With a big selection of flight schools available country wide, how does an aspiring pilot choose a flight school? There are several factors that one has to consider: Are you going to take Part 61 or Part 141 training? How many instructors are available at the flight school? What type of aircraft does the flight school have? These and many other questions have to be answered before one enrolls for flight lessons.
A big part of the choice is determined by cost. How much do you have available for the training? How many flight schools do you have in your area? Do you have money for accommodation if the flight schools are not located close to you? Remember that you want the most for your money.
The Federal Aviation Administration (FAA) has two types of flight training regulations: Part 61 and Part 141. Both have set out minimum regulations in the Federal Aviation Regulations (FAR) that the student pilot must complete before getting tested and issued with a pilot license. Part 61 offers a more relaxed and informal type of training that is ideal for part time students, while Part 141 is more structured and in tune for those pursuing an aviation career.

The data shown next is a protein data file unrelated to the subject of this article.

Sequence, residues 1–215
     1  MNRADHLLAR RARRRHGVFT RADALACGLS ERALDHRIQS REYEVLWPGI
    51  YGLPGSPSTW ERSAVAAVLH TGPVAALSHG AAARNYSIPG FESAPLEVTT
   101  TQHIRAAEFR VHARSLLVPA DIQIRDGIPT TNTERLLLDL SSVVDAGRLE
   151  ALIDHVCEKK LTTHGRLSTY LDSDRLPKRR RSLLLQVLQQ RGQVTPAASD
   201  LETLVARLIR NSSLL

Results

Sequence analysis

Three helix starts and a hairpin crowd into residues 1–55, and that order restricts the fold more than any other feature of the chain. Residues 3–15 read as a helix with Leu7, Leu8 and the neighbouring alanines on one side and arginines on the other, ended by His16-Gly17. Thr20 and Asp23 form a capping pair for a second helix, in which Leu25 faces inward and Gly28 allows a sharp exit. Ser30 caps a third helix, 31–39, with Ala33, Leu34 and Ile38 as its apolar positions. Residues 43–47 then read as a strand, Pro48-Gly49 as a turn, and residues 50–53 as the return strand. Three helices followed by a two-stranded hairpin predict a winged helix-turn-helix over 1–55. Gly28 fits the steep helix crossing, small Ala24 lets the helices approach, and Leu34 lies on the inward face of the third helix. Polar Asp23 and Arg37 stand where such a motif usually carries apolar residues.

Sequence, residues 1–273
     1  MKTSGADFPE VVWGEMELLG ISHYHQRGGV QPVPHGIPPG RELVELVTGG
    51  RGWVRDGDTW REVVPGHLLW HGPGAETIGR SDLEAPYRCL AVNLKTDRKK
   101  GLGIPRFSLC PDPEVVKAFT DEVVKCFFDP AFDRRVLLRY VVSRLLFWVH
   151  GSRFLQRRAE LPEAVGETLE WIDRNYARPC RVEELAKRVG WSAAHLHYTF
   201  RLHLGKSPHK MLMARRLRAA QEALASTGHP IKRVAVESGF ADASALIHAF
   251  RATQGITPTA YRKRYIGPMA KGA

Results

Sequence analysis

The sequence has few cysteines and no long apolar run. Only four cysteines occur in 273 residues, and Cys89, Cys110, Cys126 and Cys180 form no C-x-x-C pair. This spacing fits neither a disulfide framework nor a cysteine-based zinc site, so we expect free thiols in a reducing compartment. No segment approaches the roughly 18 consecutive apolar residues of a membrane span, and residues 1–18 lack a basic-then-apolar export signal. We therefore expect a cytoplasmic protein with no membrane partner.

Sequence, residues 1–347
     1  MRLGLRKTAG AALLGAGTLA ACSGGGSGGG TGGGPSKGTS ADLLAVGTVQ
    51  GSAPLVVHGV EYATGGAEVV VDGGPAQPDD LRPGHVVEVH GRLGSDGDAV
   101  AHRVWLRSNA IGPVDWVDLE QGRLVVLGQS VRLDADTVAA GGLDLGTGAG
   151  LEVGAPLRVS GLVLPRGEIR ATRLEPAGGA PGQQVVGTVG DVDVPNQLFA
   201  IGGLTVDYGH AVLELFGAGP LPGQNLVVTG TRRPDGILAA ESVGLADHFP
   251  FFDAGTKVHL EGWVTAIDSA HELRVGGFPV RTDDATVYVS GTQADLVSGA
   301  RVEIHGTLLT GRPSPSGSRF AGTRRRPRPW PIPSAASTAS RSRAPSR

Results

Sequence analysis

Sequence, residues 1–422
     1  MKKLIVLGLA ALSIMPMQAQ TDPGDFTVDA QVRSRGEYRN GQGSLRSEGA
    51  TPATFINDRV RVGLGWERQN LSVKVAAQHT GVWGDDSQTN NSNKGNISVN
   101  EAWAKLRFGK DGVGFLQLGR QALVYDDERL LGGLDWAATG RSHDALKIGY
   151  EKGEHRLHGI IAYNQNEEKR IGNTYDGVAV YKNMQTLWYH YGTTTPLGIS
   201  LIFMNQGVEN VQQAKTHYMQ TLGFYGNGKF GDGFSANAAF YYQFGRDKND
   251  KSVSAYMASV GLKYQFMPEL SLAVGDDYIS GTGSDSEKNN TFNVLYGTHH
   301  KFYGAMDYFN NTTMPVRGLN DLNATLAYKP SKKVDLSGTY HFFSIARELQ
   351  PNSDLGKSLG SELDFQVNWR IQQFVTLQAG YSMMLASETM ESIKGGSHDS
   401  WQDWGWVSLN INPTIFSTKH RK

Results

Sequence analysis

Choosing between Part 61 and Part 141 can be a bit tricky, but choosing a good flight instructor can be even trickier. How do you avoid being stuck with a non-compatible instructor? Most flight schools arrange for an intro flight at a subsidized rate before one enrolls. Meet up with several instructors before the intro flight to check their level of experience. This will be your chance to interview and see if the instructor is a good fit. Also talk to students who are currently taking lessons at the school. This will give you a feel for the type of training environment.
Check to see what type of aircraft that they have? Some are cheaper per hour but the cockpit might be a tad bit small for “bigger bodied” students. Most schools use Cessna and Piper single engine aircraft for initial training. You can request to see the training calendar to see aircraft availability and to also check if it fits with your schedule.
Repeat this for several different flight schools. I would recommend a minimum of three schools. Once you complete this process, choose the best fit for you. Remember to factor in accommodation, transport, and meals. Make sure that the training pace is adjacent to your pocket. The faster you complete the training the cheaper it will be for you.